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Thursday, March 22, 2012
Chipper retiring after 2012 season

By Adam Rubin

Mets nemesis Chipper Jones announced he is retiring after the 2012 season.

Jones has a .318 average with 48 homers and 154 RBIs in 812 career at-bats against the Mets. He even named a son Shea because of his success at Shea Stadium.

His 48 homers are tied for third with Willie McCovey on the all-time list against the Mets, trailing only Willie Stargell's 60 and Mike Schmidt's 49.


Daniel Shirey/US Presswire
Chipper Jones will retire after the 2012 season.


The 154 RBIs against the Mets rank third, behind Stargell's 182 and Schmidt's 162.

"He's been one of those guys where I always looked across and tried to take away some of the things from his game and apply it to mine," David Wright said. "He's just been so consistent, so good, for so long, and been part of a lot of great teams. It's going to be a little odd looking across there and not seeing Chipper in uniform. That's for sure. Playing against each other -- playing with each other for the Team USA in the World Baseball Classic -- I got a chance to know Chipper pretty well. He's been great to me. I remember growing up, obviously, watching TBS back home. There were a lot of Braves games on. So from a young age, he was kind of the type of guy that everybody wanted to be like."

Jones had been an unlikely and outspoken advocate for Wright, often in recent years talking about how the Citi Field dimensions were undermining the Mets' third baseman.

"He's never shied away from speaking his mind, which is one of the reasons that you've got to like him and respect him," Wright said. "He's entertaining. He's just as entertaining on the baseball field. It always seems like he's got something funny to say. I'm going to miss that. He's so good at this game. He's been so good at this game, a Hall of Famer. And he still has a tremendous sense of humor. ... He's had, obviously, a couple of injuries these past couple of years. But he was kind of the model of consistency and the guy they kind of built that team around. Obviously they had the pitching, but offensively he was the guy in the middle of that lineup. It seemed like he made everyone around him better, whether it was Andruw Jones, Brian McCann, Jeff Francoeur. It just seemed like no matter who they hit in front of him and behind him, he made them better."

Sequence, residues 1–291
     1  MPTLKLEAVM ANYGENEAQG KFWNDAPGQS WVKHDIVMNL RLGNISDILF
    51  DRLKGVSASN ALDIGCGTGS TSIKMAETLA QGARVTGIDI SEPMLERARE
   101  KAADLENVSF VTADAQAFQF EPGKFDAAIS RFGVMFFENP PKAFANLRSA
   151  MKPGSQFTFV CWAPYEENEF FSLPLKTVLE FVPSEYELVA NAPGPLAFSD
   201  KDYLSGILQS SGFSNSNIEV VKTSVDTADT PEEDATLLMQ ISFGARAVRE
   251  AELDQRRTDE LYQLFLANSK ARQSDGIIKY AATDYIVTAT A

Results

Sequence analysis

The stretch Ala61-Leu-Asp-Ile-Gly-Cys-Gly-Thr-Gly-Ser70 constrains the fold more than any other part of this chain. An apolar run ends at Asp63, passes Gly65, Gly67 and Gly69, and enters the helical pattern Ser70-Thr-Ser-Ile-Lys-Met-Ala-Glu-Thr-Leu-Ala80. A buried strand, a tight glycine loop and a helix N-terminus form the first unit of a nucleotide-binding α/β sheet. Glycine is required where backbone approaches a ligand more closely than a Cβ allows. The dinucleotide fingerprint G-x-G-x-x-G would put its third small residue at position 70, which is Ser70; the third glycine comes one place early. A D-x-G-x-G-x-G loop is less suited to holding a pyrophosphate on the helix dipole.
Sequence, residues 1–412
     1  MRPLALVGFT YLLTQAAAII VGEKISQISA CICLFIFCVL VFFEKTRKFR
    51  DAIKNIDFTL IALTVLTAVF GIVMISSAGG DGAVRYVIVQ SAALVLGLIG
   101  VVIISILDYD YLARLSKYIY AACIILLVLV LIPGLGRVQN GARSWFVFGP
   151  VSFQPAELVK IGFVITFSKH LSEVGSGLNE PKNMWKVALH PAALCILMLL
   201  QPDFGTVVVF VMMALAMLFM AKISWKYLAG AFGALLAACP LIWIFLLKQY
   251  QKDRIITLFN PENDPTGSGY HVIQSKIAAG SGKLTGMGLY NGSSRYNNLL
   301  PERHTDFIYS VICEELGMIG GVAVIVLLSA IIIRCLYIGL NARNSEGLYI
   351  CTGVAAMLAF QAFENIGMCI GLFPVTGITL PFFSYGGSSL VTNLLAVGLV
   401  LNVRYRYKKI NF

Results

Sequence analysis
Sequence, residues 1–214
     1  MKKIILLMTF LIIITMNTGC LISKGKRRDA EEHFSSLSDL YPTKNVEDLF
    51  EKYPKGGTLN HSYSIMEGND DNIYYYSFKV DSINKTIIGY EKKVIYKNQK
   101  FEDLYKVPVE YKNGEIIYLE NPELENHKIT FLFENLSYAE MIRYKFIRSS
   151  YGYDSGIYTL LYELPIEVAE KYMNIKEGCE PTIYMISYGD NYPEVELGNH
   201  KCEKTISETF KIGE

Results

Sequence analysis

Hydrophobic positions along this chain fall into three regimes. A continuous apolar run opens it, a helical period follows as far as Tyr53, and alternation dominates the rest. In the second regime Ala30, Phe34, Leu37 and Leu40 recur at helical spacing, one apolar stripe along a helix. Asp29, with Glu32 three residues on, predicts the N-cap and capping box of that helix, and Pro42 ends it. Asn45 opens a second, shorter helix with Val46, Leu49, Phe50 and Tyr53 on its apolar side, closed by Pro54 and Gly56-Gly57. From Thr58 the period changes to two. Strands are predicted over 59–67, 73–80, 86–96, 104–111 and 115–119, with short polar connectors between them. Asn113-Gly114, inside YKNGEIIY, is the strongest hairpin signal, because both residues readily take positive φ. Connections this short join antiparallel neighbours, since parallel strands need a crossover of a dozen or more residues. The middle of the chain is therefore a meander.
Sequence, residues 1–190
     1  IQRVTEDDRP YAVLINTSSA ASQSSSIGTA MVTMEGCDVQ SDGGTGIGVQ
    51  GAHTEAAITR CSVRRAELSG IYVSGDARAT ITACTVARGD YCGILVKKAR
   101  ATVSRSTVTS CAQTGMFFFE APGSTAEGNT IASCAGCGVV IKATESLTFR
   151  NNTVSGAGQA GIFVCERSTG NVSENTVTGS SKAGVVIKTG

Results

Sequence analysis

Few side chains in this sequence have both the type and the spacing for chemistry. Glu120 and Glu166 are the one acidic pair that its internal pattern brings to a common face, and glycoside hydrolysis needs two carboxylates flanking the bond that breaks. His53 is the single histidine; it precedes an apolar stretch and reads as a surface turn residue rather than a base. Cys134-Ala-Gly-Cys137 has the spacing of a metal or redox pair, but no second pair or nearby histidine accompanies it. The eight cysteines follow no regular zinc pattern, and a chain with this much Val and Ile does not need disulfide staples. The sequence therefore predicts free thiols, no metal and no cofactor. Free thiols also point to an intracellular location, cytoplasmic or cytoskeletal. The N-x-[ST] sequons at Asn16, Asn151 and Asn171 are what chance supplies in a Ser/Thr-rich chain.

Among active players, only Derek Jeter (2,426) has played more games and only appeared for one team. Jones has logged 2,387 games as a Brave. After offseason free-agency movement, Wright is now 11th among active players in games played exclusively for one team at 1,106.

"That's a testament to him and the Braves," Wright said. "It helps when you win 14 straight divisions together. But it's just a testament that it's the place he wanted to be and they wanted him there. But, like I said, it helps a lot when you have the winning track record that he had."